She had always worked full-time throughout school, but when she didn't have the funds to clear the balance she owed and couldn't register for classes, dela Pena took her first break from school. She left Indiana State for only one semester, then returned for a year before taking another two semesters off.

"Two years ago when I took my first break, I told myself I didn't want to come back. I wanted to travel and was struggling to find my place at ISU, but it only took me about two months to change my mind," she said. "It's not that I think having a degree makes you a better person, but my world suddenly got really small once I realized I wouldn't be getting my degree. I didn't like that idea, so I came back before taking a year off for financial reasons."

While she juggles a class schedule and two jobs, one waiting tables at Red Lobster and another working the register at Fresh Thyme, it's a more moderate pace than the 24-year-old experienced many times during her journey to the speaker's podium at graduation.

"There have been times I've worked three jobs at once, which is why I do most of my education online even though I live five minutes away," dela Pena said. "I wasn't really heavily involved in a lot of clubs during college, not because I didn't want to be, but because of time. I have one evening, in-person class this semester and it's probably the first time I've sat in a classroom in two years. I don't know where a lot of the buildings are on campus, but Federal Hall is ISU to me."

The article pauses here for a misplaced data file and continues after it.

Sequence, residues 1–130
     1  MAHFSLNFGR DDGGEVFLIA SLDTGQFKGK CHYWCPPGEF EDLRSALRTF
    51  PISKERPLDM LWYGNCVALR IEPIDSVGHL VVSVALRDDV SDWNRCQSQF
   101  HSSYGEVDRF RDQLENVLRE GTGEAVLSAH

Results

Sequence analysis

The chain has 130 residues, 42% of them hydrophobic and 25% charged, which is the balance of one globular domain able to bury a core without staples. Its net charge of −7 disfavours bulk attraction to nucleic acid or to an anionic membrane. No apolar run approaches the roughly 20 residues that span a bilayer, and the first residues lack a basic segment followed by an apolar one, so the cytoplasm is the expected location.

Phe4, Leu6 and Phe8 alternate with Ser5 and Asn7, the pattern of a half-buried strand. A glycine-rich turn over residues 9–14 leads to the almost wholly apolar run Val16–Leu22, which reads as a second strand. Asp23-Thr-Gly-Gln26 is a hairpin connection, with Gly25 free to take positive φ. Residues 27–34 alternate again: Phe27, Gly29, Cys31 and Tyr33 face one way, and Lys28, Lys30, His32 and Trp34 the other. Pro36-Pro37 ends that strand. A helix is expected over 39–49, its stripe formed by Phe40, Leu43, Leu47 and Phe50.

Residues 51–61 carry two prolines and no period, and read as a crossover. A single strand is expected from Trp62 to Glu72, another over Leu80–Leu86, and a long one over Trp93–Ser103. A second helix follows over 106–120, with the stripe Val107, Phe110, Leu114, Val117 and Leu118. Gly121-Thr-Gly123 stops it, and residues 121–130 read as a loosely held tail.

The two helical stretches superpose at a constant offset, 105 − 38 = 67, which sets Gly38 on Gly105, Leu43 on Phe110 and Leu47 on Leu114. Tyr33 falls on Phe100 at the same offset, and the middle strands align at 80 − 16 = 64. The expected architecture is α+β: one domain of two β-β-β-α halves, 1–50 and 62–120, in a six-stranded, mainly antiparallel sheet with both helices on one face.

Maybe this wasn't how her college years would have played out in a perfect world, but dela Pena embraces her struggles, is proud of overcoming her setbacks and is excited for what lies ahead, including a trip to Tokyo in February - her gift to herself for finishing her degree - and then to the Philippines where she was born.

"When I get back, my lease here is up in July and I promised myself I would not renew it, so I'll be hitting the job applications and figuring out where I want to go. Luckily, I'm not very picky and have been looking for social media marketing jobs in places from Portland, Ore., to Boston," she said. "If I had had an easier journey, I wouldn't be as prepared for what happens after graduation. A lot of people are scared about the next step, but I'm not at all. I'm excited."

As it turns out, the words of a sixth-year senior, mostly online student who left school twice might be just the reassurance the Class of 2016 needs before stepping out into the world.

"The moment I realized I wouldn't be graduating in four years I felt ashamed until I realized that that's not what college is about," dela Pena said. "I want everyone to be proud of themselves and their journey come December, even if it took a little longer than most to get here. It's a tortoise and the hare type of story. It doesn't matter how long it takes you, just as long as you get there."

She got there.

Indiana State's winter commencement ceremony will be held at 11:45 a.m. Saturday, Dec. 17 in the Hulman Center.


Photo: - Mikaella dela Pena

Writer: Betsy Simon, media relations assistant director, Office of Communications and Marketing, Indiana State University, 812-237-7972 or